A Technology Blog About Code Development, Architecture, Operating System, Hardware, Tips and Tutorials for Developers.

Tuesday, February 12, 2013

OAuth2 - In a Simple Way

11:40:00 PM Posted by Satish Kumar , , , , , 5 comments
Last week I started playing with OAuth 2.0. I started with a github project called spring-security-oauth. I checked the sample OAuth 2 provider sparklr and OAuth 2 client tonr. But I could not get much from the sample example and the documentation provided. I explored a bit in the internet and finally could able to conclude some thing. I created a sample provider and checked all authorization on that. Now, I am here to explain different aspects of OAuth 2.0 from the practical point of view. I will try my best to present a modular and easy explanation here.


Many services such as Facebook, Github, and Google have already implemetated OAuth 2.0. That is why today most of the web sites using google/ facebook for authentication and authorization. They work as resource server, from where other clients fetch profile informations.

This post is an attempt to describe OAuth 2.0 in a simplified format to help developers and service providers implement the protocol.

I will be covering the following topics in this article.

1. Entities
2. Creating an Application
3. Authorization
a. Web Server Apps
b. Browser-Based Apps
c. Mobile Apps
d. Others
4. Accessing Resources
5. Resources


OAuth 2 Entities
OAuth 2 Entites


Entities:

OAuth Server:
This is also known as OAuth Provider. It's whole responsibility is to authenticate and authorize user/ client and manage the tokens. 

The Third-Party Application:
Third-Party Application popularly known as client, is going to attempt to get access to the user's account. It needs to get permission from the user, before it can do so. This could be a web server based application, browser based application, desktop application, mobile/tablet application or some smart devices like google Goggles and smart televisions. 

Resource Server:
The API popularly known as Resource Server, from where the data will be fetched out or served. This could be the SOAP or REST based service providers.

The User:
The User popularly known as Resource Owner, who gives access to access the resource.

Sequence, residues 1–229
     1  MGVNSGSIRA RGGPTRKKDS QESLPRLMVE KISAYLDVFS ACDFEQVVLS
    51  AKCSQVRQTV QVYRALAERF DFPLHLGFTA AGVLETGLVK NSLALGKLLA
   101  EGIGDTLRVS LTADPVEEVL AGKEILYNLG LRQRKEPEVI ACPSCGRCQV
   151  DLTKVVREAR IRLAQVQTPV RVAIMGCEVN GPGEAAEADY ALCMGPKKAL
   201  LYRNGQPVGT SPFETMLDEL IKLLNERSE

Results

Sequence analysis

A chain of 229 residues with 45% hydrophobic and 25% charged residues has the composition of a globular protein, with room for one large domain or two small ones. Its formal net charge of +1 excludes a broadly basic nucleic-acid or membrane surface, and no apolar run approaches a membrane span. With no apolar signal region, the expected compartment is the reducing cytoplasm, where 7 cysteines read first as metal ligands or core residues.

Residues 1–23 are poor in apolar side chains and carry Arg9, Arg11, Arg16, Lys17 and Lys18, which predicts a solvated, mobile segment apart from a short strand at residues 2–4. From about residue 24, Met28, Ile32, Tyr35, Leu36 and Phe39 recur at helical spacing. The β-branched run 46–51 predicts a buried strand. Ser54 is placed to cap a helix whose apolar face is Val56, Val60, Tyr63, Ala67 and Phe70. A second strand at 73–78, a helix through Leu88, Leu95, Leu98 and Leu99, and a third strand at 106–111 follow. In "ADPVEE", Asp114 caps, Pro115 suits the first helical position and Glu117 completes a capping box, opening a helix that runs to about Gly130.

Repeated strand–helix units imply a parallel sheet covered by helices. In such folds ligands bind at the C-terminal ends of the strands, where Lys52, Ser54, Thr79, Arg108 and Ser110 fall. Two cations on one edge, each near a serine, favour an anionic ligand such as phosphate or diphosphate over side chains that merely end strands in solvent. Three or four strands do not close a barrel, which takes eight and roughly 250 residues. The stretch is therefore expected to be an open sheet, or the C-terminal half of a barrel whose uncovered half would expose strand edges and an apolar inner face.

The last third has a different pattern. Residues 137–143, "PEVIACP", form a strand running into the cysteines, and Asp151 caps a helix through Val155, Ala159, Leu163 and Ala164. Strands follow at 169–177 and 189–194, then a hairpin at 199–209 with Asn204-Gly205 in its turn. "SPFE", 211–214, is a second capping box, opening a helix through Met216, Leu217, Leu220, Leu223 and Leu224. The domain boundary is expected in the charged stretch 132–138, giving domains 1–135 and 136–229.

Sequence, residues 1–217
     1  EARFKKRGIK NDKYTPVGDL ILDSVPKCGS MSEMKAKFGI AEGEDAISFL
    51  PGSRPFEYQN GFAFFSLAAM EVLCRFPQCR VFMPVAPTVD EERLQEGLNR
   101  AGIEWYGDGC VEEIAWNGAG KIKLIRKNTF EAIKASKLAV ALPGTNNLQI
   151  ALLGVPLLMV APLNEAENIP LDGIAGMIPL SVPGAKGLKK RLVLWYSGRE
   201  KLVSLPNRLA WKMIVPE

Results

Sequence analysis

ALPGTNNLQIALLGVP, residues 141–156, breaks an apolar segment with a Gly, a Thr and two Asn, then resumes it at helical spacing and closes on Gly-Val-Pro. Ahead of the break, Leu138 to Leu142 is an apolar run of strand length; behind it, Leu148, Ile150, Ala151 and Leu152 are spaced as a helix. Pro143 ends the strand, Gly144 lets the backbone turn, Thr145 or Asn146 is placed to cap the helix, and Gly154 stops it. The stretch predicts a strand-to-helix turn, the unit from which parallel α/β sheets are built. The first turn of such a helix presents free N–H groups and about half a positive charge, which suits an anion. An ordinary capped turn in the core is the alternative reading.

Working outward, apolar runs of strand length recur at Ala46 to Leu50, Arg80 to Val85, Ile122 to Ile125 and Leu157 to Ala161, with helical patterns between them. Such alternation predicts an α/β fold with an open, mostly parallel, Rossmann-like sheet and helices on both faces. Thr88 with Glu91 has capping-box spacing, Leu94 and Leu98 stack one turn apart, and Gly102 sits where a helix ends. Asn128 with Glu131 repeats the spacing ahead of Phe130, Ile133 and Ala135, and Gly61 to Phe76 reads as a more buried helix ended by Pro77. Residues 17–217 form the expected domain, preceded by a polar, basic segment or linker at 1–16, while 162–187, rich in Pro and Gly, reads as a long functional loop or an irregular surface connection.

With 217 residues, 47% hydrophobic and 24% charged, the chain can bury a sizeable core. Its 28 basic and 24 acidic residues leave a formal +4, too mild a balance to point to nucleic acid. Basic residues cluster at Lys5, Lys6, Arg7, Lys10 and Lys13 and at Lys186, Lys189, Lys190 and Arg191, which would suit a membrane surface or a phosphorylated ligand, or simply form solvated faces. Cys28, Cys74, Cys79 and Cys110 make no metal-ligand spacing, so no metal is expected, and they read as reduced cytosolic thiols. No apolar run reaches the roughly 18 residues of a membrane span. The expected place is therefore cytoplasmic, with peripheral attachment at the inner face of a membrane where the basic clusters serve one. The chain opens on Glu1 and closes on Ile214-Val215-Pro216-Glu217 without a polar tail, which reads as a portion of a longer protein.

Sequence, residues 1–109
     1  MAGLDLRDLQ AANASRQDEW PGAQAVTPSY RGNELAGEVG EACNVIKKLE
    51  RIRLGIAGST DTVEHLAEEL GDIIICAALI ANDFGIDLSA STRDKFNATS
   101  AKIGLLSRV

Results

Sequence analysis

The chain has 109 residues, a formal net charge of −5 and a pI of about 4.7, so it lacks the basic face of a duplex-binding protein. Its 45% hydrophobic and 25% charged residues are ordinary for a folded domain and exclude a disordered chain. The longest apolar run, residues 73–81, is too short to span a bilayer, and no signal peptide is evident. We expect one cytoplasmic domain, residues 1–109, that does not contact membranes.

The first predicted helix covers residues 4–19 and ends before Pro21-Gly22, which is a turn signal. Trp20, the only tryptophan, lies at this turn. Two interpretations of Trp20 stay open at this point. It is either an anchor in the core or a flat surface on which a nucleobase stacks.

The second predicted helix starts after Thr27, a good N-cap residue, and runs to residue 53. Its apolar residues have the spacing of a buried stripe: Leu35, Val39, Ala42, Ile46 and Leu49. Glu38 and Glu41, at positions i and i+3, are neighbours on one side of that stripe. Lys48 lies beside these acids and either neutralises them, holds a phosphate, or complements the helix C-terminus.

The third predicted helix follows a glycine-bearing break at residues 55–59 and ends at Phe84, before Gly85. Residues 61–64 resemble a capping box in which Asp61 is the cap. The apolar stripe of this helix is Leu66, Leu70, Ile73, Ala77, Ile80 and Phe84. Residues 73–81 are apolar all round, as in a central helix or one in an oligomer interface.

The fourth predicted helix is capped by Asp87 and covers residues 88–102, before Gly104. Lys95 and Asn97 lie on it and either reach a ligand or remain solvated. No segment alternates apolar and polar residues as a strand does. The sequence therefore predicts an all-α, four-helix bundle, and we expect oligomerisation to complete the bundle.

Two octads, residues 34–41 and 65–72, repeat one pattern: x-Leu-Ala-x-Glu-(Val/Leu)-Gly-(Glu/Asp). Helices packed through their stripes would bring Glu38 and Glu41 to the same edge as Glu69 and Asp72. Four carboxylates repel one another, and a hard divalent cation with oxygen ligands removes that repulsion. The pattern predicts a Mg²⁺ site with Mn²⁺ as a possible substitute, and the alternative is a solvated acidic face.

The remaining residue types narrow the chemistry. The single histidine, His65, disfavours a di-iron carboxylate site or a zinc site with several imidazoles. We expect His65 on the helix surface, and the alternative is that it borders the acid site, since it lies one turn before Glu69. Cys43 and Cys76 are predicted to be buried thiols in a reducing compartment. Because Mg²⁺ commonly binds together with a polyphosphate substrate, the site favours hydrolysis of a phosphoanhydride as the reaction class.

Creating an Application:

Before you can begin the OAuth process, you must first register a new app with the service/provider. When registering a new app, you usually register basic information such as application clint id, secret, authorized-grant-types etc. In addition, you must register a redirect URI to be used for redirecting users to for web server, browser-based, or mobile apps.

Redirect URIs:
The service will only redirect users to a registered URI, which helps prevent some attacks. Any HTTP redirect URIs must be protected with SSL security, so the service will only redirect to URIs beginning with "https". This prevents tokens from being intercepted during the authorization process.

Client ID and Secret:
After registering your app, you will be having your client ID and a client secret. The client ID is considered public information, and is used to build login URLs, or included in Javascript source code on a page. The client secret must be kept confidential. If a deployed app cannot keep the secret confidential, such as Javascript or native apps, then the secret is not used.

Authorization:

The first step of OAuth 2 is to get authorization from the user. For browser-based or mobile apps, this is usually accomplished by displaying an interface provided by the service to the user.

OAuth 2 provides several grant types for different use cases. The grant types defined are:

Authorization Code for apps running on a web server
Implicit for browser-based or mobile apps
Password for logging in with a username and password
Client credentials for application access

Web Server Apps
Web apps are written in a server-side language and run on a server where the source code of the application is not available to the public.

Authorization request:

http://localhost:8080/oauth2/oauth/authorize?response_type=code&client_id=easylocate&scope=read&redirect_uri=http://localhost:8080/web

After accepting the access. the page will be redirected to the redirect uri with the authorization code.

http://localhost:8080/web/?code=t7ol7D

Now it is time to exchange the authorization code to get the access token.

http://localhost:8080/oauth2/oauth/token?grant_type=authorization_code&code=t7ol7D&redirect_uri=http://localhost:8080/web&client_id=easylocate&client_secret=secret

The OAuth server replies with the access token

1
2
3
4
5
6
7
{